Saying you “believe in the science” isn’t going to help us through the pandemic. Most politicians still seem to be stuck in last March where a lot was still uncertain. Now, a year later, we’ve seen the benefits of mask wearing, of stimulus checks, and we’ve seen the consequences of relaxed restrictions, holiday surges, and reopening too soon. We have the means to get through the pandemic, it’s just up to the government, and the Biden administration, to decide if they want us to.

Essential Add-Ons for iPhone Photographers

With the latest generation of iPhones boasting impressive camera specs, there has never been a better time to pick up photography as a hobby. In the past, the high entry price of cameras and equipment turned away perspective photographers. Now, having quality cameras built into the phones we carry around every day has opened the field up to new photographers. While the iPhone 12 Pro camera alone boasts impressive specs, the right accessories can elevate your photos.

A great way to boost the quality and ability of any camera is additional lenses, and iPhone photography is no exception. While lenses are commonly on the pricier side, there are a range of clip-on lenses for any price point.

Which lenses you buy will depend on what subjects you plan on photographing.  Wide angle lenses are best for sprawling landscape photography, while macro lenses are great for picking up small details in close-ups. Whatever your goal, any of the below lenses are sure to upgrade your photography to professional quality.

The best lens under $50

KINGMAS 3-in-1 – great for beginners!

At just $6.78 for three lenses, this price is hard to beat. It’s the perfect starters kit with a wide angle, macro, and fisheye lenses included. Although there are better lenses on the market, there is no beating this price. This is a no-brainer purchase for anyone just starting out with iPhone photography.

The best lens under $100

APEXEL 4K 5-in-1 – excellent range of lenses for any subject

Like the KINGMAS kit, this APEXEL 4K HD 5-in-1 Lens kit provides a range of lenses for all your photography needs. At $44.95*, this is more of an investment than the previous, but the upgrade in quality is worth the price for the serious iPhone photographer. Getting five quality 4K lenses for under $50 is a bargain, especially considering APEXEL is a top brand in mobile camera lenses.

(on sale for $44.95 at the time this article was written. Regular price: $55.95)

The best lens under $200

Moment Wide 18mm – perfect for capturing landscapes and architecture

Unlike the previous two, the Moment Wide 18mm is a solo lens instead of a kit. Intended for photographers interested in landscapes and architecture, the wide field of view helps to capture rolling hills and towering skyscrapers with ease. While the $119.95 price tag may give some pause, this professional grade lens will guarantee sharp, 4K photos any time you go to shoot.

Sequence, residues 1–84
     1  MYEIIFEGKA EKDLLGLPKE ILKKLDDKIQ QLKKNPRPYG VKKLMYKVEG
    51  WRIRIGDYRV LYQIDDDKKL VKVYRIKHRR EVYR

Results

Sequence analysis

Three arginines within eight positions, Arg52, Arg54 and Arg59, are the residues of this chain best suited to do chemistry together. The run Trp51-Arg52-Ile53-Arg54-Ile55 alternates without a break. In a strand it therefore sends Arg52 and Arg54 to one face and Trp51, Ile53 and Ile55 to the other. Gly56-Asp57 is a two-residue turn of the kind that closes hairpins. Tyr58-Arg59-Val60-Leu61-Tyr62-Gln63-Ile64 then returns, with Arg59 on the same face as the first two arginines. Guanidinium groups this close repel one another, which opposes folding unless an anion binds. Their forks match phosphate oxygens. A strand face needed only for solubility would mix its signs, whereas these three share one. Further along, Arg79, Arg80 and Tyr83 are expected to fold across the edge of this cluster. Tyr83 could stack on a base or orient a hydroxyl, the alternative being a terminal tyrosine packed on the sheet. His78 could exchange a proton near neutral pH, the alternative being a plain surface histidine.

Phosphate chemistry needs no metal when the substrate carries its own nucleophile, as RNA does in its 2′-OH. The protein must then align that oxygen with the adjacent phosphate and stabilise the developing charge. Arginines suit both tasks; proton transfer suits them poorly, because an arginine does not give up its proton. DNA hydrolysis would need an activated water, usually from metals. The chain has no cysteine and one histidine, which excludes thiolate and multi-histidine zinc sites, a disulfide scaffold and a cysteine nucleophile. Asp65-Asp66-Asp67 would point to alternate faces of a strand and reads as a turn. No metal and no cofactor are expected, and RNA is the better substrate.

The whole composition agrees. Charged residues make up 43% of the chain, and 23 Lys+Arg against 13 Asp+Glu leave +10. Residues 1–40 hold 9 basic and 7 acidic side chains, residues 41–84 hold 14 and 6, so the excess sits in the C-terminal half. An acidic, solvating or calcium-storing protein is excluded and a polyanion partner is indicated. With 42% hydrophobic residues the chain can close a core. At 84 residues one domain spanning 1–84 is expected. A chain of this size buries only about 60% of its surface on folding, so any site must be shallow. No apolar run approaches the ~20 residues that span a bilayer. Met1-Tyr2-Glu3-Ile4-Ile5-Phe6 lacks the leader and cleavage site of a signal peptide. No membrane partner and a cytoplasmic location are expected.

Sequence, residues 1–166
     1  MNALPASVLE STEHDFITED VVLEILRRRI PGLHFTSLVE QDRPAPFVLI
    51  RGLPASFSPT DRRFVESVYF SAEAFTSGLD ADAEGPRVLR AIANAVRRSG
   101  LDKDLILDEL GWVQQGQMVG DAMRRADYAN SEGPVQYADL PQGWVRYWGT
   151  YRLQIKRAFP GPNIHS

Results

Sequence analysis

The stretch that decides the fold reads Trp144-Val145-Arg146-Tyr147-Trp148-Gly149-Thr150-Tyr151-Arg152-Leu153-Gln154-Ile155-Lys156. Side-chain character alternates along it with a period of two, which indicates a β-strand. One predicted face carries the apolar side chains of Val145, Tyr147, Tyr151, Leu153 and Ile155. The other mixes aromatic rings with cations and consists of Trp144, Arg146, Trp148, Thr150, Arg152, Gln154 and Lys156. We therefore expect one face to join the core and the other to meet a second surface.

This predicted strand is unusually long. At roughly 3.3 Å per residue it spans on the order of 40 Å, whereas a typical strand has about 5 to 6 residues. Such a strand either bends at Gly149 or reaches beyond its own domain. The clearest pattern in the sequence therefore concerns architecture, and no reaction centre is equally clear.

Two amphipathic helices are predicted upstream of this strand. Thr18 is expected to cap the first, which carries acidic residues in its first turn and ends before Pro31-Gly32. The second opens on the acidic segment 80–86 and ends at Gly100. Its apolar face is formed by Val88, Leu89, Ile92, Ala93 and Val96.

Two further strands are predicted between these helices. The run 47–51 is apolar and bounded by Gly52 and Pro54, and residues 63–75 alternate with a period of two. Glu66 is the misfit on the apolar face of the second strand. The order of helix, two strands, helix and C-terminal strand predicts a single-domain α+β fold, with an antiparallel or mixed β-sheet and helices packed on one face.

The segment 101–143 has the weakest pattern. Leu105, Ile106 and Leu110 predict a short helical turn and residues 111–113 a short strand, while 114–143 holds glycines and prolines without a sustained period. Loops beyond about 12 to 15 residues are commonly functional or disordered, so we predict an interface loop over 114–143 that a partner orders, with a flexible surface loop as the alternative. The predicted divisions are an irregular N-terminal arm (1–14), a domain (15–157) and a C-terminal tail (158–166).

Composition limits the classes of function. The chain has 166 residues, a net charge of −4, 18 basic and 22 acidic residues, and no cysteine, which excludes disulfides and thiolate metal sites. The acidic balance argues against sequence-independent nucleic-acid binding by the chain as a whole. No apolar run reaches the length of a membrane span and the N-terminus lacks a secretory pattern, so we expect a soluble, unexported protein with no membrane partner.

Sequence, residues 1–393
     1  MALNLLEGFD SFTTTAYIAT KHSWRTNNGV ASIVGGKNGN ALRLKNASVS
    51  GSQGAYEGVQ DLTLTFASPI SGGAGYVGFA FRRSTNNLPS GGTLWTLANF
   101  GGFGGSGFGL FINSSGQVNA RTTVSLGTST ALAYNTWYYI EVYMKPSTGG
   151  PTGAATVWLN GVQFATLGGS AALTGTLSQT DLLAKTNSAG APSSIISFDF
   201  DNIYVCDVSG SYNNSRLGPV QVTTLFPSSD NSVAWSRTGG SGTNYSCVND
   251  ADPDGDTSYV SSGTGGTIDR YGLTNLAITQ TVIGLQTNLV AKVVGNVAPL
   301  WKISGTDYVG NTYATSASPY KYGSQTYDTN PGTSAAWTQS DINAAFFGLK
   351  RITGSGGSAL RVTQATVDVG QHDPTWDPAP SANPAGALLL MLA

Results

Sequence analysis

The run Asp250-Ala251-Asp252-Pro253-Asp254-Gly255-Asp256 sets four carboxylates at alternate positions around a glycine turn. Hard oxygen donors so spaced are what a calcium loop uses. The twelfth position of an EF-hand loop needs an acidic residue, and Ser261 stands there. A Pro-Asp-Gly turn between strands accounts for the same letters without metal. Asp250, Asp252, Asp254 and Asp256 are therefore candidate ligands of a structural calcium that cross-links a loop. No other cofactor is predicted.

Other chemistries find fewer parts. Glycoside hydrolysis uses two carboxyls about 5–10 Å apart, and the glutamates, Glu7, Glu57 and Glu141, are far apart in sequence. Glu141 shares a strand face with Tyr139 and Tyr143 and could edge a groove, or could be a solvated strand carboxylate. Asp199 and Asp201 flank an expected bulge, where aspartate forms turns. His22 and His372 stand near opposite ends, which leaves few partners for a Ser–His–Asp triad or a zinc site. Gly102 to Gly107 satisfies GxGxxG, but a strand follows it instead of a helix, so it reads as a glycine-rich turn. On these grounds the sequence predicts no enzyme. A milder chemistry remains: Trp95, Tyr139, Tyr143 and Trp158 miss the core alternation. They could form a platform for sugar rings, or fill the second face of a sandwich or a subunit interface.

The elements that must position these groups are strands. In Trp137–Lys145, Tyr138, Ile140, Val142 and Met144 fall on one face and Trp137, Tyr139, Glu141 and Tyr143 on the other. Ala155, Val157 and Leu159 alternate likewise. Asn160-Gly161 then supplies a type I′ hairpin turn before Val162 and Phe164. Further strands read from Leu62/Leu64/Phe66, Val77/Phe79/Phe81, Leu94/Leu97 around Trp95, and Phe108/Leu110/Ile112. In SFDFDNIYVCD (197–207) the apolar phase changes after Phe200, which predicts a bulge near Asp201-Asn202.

Opinion: Chuck Schumer Didn’t Cross A Line, But the Media Did

How journalistic sensationalism buries real issues

“I want to tell you, Gorsuch. I want to tell you, Kavanaugh. You have released the whirlwind and you will pay the price. You won’t know what hit you if you go forward with these awful decisions.”

Democratic Senate Majority Leader Chuck Schumer has had many opinion pieces written about him since he said the above last Wednesday. Here’s one more:

Continue reading “Opinion: Chuck Schumer Didn’t Cross A Line, But the Media Did”

The Rise and Fall of American Mall Culture

Series: 21st Century Americana

From the birth of malls in the 1950s, the pop-culture iconography of malls in the 80s, to the predicted death of malls today, mall culture has been a roller coaster over the past 70 years.Continue reading “The Rise and Fall of American Mall Culture”

Why I’m On YouTube – NEW VIDEO

YouTube has been a big part of my life for a while. In this video, I discuss how it got me to where I am today, as well as what I hope my channel can be for other people.

Continue reading “Why I’m On YouTube – NEW VIDEO”

Yoga for Non-Athletic People

Ever since I took a yoga class in high school and hated it, I’ve been on a mission to teach myself yoga instead. Exercising is all about going at your own pace, if you push yourself too far too soon, you’ll hurt yourself (like I did in 7th grade track!)

Continue reading “Yoga for Non-Athletic People”

Chicago to Los Angeles

I traveled over 43 hours from Chicago (which has been my home for the past four years) to Los Angeles (my new home). The train took us through sweeping plains, mountain passes, and vast deserts.

Continue reading “Chicago to Los Angeles”